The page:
When the photon energy is tuned near an absorption edge in either scattering or absorption experiments, a considerable change occurs in the cross section. Most importantly an intermediate excited state is formed, which corresponds to the promotion of a core electron into electronic states above the Fermi level. This process is then followed by the decay of the intermediate into the original state with photon re-emission. As pointed out some ten years ago [1,2], there is a special interest when the electron shells involved in the excited state are spin polarised. The resulting theories and experiments have given rise to two new fields of synchrotron magnetic studies, X-ray magnetic circular dichroism (XMCD) and resonant X-ray magnetic scattering (RXMS). XMCD is sensitive to only the imaginary part of the anomalous scattering amplitude, while RXMS measures the modulus squared of the total scattering amplitude including both the real and imaginary parts of the anomalous scattering. Both techniques have the special advantage that they are element and electron shell specific. In the case of XMCD, sum rules [3], which are based on atomic models, are available for extracting the spin and orbital contributions to the magnetic moments. Of course, practitioners of these two spectroscopic methods have focused almost without exception on elements that have appreciable magnetic moments. However, a series of recent experiments at the ESRF using both dichroism and scattering techniques have been performed at the anion K edge of various uranium compounds. The size of the resonant signal has been a considerable surprise.

Dichroism experiments were performed at beamline ID12A on ferromagnetic uranium sulphide. This material orders below Tc = 174 K with a saturation magnetic moment of 1.7 µB. The measurements were performed at 160 K in an applied external magnetic field of 2 Tesla, using total fluorescence detection mode. The differential XMCD spectrum is obtained by flipping the helicity of the X-rays at each point of the energy scan using the recently installed ElectroMagnet/Permanent magnet Hybrid Undulator [4]. The dichroic signal obtained at the sulphur K-edge is much larger than expected and can be easily seen by simply comparing the XANES spectra recorded for both circular polarisations shown in Figure 66. To check that the experimental results are free from any eventual artifacts, the same spectra were recorded for the opposite direction of the external magnetic field. If one corrects the experimental XMCD spectrum for the circular polarisation rate of the monochromatic beam and for the sample magnetisation (which is only 15% in this energy range), the amplitude of the signal at the sulphur K-edge is about 25%. This effect is 250 times bigger than the signal at the iron K-edge in pure ferromagnetic iron and also much greater than found at the K edge of sulphur in EuS [5].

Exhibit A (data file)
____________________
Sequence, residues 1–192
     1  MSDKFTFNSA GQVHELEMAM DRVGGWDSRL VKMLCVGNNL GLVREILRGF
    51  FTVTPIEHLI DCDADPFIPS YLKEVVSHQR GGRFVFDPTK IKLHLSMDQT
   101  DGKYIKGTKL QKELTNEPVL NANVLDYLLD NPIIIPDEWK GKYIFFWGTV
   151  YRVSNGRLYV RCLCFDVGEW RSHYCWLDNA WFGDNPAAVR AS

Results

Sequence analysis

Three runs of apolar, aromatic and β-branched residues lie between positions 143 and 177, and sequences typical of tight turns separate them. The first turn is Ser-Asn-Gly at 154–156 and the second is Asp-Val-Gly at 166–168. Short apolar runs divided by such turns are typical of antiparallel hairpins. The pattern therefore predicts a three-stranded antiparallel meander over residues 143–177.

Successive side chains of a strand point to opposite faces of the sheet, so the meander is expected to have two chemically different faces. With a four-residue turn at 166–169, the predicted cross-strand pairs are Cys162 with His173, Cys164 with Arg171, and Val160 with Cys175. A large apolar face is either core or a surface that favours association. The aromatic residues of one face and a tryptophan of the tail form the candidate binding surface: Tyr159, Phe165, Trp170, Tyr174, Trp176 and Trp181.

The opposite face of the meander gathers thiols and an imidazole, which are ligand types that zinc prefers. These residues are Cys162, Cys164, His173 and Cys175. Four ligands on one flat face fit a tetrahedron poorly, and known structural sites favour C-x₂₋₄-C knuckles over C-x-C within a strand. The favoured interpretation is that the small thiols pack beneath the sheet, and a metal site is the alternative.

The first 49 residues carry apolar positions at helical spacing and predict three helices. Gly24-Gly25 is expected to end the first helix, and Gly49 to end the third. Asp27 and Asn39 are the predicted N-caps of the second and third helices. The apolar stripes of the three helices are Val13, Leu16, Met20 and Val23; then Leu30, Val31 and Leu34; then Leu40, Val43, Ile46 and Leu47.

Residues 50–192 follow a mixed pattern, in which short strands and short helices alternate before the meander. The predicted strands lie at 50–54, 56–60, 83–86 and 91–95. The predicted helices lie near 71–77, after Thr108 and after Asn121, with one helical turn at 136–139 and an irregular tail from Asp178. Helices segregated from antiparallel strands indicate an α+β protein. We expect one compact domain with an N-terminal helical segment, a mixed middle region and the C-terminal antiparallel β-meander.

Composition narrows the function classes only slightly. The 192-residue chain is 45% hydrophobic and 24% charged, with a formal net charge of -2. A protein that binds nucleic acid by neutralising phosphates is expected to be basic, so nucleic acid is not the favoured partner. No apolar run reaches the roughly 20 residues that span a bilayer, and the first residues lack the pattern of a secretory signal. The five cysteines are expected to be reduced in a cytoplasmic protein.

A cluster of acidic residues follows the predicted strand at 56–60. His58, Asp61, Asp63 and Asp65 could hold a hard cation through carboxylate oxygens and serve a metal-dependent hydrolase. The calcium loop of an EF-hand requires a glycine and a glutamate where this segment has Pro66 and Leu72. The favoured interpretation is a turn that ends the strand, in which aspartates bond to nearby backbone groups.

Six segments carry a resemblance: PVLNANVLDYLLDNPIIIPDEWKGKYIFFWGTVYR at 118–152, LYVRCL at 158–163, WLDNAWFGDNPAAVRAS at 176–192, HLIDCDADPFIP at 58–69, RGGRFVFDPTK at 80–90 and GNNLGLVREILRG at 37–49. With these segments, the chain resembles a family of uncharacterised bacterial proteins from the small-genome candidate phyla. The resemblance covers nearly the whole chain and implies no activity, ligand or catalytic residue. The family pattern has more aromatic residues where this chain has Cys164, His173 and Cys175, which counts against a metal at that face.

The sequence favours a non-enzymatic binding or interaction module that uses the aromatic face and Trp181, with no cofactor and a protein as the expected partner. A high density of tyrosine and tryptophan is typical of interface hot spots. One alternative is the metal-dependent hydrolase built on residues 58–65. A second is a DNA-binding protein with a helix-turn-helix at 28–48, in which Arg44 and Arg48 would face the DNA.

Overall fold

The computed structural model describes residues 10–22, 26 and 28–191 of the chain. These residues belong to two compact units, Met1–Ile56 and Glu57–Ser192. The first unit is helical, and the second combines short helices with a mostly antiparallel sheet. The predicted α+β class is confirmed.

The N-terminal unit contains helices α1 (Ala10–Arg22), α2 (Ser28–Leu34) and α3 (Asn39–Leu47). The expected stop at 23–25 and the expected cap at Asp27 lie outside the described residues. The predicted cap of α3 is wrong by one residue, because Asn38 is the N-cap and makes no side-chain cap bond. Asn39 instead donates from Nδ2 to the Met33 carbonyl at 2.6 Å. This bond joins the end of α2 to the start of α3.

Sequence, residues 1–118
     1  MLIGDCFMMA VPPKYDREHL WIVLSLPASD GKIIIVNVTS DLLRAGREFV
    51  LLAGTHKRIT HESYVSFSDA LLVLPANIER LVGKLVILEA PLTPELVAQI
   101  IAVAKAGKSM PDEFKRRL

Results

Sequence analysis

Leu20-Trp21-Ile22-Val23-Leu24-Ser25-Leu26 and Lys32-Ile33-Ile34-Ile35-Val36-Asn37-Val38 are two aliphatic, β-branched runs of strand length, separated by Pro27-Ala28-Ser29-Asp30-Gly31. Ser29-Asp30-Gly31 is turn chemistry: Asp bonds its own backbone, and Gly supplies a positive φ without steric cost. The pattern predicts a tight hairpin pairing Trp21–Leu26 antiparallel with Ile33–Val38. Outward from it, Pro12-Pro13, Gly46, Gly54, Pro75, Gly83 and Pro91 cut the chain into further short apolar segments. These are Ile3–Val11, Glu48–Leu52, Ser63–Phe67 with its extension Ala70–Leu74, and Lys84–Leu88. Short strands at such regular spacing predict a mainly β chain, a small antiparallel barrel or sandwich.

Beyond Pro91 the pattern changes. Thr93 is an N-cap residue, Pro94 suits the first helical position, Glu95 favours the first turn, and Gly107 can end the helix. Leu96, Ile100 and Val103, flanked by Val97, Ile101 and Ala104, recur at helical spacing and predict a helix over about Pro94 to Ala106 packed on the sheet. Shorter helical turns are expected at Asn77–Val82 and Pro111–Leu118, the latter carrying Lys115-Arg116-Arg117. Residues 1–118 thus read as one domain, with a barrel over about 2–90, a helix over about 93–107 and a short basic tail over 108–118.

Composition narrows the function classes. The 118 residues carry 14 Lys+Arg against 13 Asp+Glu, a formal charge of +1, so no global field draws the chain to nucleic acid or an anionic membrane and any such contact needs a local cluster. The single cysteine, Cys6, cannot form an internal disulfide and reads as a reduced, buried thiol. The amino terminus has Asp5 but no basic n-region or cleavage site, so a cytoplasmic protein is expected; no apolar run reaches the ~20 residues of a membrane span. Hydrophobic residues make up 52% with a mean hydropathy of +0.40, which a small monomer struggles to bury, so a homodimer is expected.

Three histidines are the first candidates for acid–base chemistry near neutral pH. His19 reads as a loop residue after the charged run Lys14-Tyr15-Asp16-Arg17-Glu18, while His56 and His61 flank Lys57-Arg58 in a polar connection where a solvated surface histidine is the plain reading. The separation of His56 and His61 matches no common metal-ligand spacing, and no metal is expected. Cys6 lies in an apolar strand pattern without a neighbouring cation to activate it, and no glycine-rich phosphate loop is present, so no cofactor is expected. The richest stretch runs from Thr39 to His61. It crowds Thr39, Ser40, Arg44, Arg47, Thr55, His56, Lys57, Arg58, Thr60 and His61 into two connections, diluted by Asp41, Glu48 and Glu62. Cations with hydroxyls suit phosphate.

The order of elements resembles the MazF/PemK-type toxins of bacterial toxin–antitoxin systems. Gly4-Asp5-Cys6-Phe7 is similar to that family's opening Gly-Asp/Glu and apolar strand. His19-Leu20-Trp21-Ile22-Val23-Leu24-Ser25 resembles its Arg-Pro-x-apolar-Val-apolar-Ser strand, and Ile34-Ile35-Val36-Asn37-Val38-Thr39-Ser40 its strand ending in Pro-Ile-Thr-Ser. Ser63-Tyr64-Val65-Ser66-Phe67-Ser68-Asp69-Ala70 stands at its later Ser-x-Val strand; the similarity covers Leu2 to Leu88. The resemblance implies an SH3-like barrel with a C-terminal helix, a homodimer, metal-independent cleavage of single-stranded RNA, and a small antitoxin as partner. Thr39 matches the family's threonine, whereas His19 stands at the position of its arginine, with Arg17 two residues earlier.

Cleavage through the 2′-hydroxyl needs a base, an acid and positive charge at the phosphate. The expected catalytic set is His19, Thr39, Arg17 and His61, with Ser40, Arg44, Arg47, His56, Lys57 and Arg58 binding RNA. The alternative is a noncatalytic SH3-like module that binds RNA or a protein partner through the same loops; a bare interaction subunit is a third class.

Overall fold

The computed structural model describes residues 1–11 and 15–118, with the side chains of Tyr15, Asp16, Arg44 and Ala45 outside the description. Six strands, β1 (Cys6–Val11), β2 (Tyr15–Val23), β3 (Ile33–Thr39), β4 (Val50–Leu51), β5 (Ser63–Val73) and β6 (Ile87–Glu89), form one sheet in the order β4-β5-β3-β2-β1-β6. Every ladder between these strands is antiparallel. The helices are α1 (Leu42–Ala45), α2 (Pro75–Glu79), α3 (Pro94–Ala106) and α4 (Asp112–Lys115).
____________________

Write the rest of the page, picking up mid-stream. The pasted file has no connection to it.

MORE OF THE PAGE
Scattering experiments were first performed on single crystals of antiferromagnetic UGa3 at the ID20 magnetic scattering beamline. This material orders below TN = 67 K with a moment of 0.6 µB on the uranium site and with a magnetic propagation vector of (1/21/21/2). The photon energy was tuned to the K edge of gallium (10.37 keV) at a temperature of 10 K. A very large (by a factor of ~ 1000) enhancement of the small non-resonant magnetic scattering intensity was observed. This is demonstrated by plotting the integrated intensity as a function of incident photon energy in Figure 67a (solid points). The energy width is ~ 4 eV, essentially the expected core-hole lifetime of the intermediate state. Also shown in Figure 67a is the fluorescence spectrum measured in the same experiment (dashed line). The position of the peak in energy strongly suggests that the resonance is dipolar in nature, i.e. involves the 4p electron states of Ga. The signal is present only in the channel with s incident polarisation from the synchrotron, again consistent with a dipole transition. Figure 67b shows the intensity as a function of position in reciprocal space. The signal has a periodicity identical to that of the uranium magnetic structure, is long range in real space, and disappears by TN. Similar effects were subsequently observed in UAs when photons were tuned to the K edge of arsenic. In these experiments intensities of up to 80,000 cts/sec in full polarisation mode were observed on ID20. Such enhancements of the non-resonant scattering signal are much greater than found on other K edges, even those of the magnetic 3d elements.

In all experiments reported here, the signal does not arise from a simple magnetic dipole situated at the non-magnetic element ­ its size would have to be so large that it would have been seen easily by neutron scattering. The effect is undoubtedly more subtle than that, perhaps involving the hybridisation of the anion p orbitals with the uranium 5f magnetic states. Theory continues to address the underlying physics, but the experiments open new perspectives using resonant effects, which will certainly be the subject of future efforts.

[1] D. Gibbs et al., Phys. Rev. Lett., 61, 1241 (1988); J.P. Hannon et al., Phys. Rev. Lett., 61, 1245 (1988).
[2] G. Schütz et al., Phys. Rev. Lett., 58, 737 (1987).
[3] P. Carra, M. Altarelli, Phys. Rev. Lett., 64, 1286 (1990).
[4] A. Rogalev et al., Proc. SPIE, 4774, 275 (1999).
[5] A. Rogalev et al., J. Phys. Cond. Matter, 11, 1115 (1999).

RXMS: D. Mannix (a,b), L. Paolasini (b), N. Bernhoeft (c), A. Stunault (b), C. Vettier (b,d), D. Kaczorowski (e), G.H. Lander (a); XMCD: A. Rogalev (b), J. Goulon (b), J.P. Sanchez (c), N. Kernavanois (c).

(a) ITU, Karlsruhe (Germany)
(b) ESRF
(c) CEA-Grenoble (France)
(d) ILL, Grenoble (France)
(e) Polish Academy of Sciences, Wroclaw (Poland)